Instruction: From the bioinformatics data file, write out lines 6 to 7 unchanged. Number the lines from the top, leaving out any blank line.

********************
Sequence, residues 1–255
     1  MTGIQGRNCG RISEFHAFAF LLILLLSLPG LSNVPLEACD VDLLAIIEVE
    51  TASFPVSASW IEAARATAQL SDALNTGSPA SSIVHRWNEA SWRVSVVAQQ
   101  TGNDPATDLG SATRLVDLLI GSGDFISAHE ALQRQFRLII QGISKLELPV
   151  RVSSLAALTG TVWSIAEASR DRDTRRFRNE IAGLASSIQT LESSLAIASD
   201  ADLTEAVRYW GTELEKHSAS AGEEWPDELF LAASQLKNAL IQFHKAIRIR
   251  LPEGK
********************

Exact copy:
   201  ADLTEAVRYW GTELEKHSAS AGEEWPDELF LAASQLKNAL IQFHKAIRIR
   251  LPEGK